The Hidden Tax We All Pay When the Economy (and Jobs) Lag

The Hidden Tax We All Pay When the Economy (and Jobs) Lag
Jillian Bateman — October 12, 2021

The latest jobs report was released last week, and the news was “disappointing” to media outlets across the board. While the official numbers indicate 194,000 jobs were added, this fell well short of the 500,000 that Dow Jones (and the markets) expected. But this number seems to belie good unemployment numbers, which dropped to 4.8% from 5.2% in August. So, what gives? Some believe the lagging job numbers and seemingly good unemployment numbers demonstrate the real reason unemployment is dropping – fewer people are looking for work. This theory has merit.

Blame it on current policies that incentivize people to stay home, the skills gap, or any theory you wish, the fact is there are almost four (4) million fewer people employed today than there were in 2019 before the pandemic. Combine fewer people looking for work with record job openings and you get inflationary pressures caused by increasing wages, which in turn forces business to raise its costs to consumers.

Now let’s add some supply chain shortages caused by clogged ports of entry with thousands of containers sitting offshore waiting to be off-loaded because there are not enough people working to transport the containers throughout the country. Add to that the microchip shortage that has new car lots nearly empty, rising home prices, rising gas prices and you have a veritable smorgasbord of factors that lead to: inflation – the hidden tax on all of us.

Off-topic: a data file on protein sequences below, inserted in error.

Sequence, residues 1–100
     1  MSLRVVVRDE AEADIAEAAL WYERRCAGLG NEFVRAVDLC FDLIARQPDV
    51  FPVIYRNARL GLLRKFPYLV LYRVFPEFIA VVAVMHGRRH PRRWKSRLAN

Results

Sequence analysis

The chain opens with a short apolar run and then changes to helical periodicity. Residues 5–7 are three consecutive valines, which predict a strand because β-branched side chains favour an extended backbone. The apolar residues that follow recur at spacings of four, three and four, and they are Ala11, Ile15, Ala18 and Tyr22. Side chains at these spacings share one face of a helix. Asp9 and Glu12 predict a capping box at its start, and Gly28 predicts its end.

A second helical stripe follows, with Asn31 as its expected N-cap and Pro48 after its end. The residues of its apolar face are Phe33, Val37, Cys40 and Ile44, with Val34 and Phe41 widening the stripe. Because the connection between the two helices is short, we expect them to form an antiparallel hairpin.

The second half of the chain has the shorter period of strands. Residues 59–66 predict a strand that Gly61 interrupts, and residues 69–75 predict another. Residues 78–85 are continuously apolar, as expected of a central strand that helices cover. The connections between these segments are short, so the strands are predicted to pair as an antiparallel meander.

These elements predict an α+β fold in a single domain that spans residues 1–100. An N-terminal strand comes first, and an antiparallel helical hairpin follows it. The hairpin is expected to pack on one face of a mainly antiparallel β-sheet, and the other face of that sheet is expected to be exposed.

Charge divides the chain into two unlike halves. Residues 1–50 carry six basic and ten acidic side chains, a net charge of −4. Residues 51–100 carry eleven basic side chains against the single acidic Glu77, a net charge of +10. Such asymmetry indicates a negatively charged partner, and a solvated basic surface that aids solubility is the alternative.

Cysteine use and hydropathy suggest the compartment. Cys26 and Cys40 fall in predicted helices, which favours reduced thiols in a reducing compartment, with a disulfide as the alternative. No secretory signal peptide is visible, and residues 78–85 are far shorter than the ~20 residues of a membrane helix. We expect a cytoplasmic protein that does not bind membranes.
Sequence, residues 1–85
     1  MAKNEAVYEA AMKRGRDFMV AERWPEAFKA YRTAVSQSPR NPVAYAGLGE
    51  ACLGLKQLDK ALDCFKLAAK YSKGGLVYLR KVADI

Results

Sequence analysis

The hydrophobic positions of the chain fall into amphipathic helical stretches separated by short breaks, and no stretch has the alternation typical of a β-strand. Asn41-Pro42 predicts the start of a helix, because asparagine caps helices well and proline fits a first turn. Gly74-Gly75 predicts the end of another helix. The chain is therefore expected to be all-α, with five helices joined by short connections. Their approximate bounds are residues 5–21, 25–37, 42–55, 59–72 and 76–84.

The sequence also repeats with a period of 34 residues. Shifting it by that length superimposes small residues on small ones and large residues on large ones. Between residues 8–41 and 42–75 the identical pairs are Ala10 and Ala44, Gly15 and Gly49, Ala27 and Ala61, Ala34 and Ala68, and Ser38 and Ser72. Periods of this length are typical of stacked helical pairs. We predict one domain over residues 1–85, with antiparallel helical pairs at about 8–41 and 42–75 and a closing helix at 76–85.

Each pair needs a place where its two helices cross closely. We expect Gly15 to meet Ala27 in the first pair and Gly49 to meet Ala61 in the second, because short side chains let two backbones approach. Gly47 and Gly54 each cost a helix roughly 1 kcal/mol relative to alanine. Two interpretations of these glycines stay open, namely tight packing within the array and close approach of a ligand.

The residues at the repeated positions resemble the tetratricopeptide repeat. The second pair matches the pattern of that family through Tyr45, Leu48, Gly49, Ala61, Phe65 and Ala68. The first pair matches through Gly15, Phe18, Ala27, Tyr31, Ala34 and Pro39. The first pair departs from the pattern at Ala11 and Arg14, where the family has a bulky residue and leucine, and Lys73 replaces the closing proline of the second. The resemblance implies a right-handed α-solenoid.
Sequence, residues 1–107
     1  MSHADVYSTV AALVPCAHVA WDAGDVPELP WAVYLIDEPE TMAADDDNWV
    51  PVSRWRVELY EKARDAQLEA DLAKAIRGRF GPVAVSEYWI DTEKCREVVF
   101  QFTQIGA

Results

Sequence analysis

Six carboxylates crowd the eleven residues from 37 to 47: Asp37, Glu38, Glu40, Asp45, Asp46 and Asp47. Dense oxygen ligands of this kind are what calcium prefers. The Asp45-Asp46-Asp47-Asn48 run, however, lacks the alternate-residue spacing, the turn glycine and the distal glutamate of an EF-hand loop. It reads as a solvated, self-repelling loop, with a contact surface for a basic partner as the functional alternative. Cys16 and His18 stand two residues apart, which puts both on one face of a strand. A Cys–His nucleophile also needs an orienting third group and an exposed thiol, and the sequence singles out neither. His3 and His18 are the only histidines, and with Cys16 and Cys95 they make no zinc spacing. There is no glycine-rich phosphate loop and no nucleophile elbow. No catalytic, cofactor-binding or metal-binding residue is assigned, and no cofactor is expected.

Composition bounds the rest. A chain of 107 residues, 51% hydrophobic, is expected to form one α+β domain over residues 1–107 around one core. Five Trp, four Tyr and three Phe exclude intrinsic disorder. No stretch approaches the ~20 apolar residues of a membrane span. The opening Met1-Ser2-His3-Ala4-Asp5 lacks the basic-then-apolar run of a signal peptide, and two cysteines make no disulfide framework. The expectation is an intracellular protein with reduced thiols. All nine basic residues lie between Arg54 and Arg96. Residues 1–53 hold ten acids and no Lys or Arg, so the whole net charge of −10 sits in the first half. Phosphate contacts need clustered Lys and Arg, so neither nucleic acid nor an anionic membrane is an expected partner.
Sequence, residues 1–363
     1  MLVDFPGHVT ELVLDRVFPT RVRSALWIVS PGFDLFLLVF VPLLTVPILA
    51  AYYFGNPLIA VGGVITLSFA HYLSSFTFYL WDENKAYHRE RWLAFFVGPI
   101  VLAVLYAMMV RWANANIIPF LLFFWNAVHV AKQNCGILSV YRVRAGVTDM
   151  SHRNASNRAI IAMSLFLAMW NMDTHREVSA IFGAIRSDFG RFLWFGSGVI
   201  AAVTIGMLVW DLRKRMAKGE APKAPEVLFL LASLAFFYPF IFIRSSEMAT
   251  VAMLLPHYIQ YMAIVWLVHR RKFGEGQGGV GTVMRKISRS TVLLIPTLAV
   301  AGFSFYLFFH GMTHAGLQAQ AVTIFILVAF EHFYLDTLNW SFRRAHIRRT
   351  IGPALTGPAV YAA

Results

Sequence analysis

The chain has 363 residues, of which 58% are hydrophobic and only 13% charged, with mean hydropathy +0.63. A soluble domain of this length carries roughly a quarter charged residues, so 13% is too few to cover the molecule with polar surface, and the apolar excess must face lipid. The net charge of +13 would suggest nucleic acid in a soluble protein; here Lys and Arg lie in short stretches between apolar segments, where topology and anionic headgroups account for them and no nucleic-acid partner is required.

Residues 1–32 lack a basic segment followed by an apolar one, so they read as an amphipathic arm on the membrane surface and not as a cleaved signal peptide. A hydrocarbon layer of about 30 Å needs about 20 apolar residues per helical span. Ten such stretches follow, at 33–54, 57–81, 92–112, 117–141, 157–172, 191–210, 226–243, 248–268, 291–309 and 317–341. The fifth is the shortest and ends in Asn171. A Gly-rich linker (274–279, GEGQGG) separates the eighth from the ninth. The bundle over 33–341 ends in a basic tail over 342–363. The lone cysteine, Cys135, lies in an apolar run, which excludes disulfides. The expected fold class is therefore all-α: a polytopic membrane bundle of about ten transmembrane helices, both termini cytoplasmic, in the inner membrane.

Inflation can have a cruel impact on the country because it is in reality a “regressive” tax that impacts lower income families and small businesses the hardest. Increased prices for bread, bacon, milk and meat serve as one example. The price of gas hits everyone, but for those workers barely getting by and having to commute 200 miles a week, the price of gas is a HUGE hidden tax on that individual’s economy. The same holds true for small electronic security companies. Gasoline, supply shortages and other economic forces are hitting ESA members directly in the pocket and it continues to hit owners and employees when they get home. Inflation is a cruel “tax” because it is regressive against small businesses and struggling families.

The current dilemma employers and the country face makes one wonder, what will happen when an infrastructure bill does pass and pushes trillions of dollars into rebuilding roads, bridges, and airports? Where are those jobs going to come from? At least for now, we don’t have to consider that potential because Congress can’t get its caucuses on either party aligned.

Some may think that is a good thing.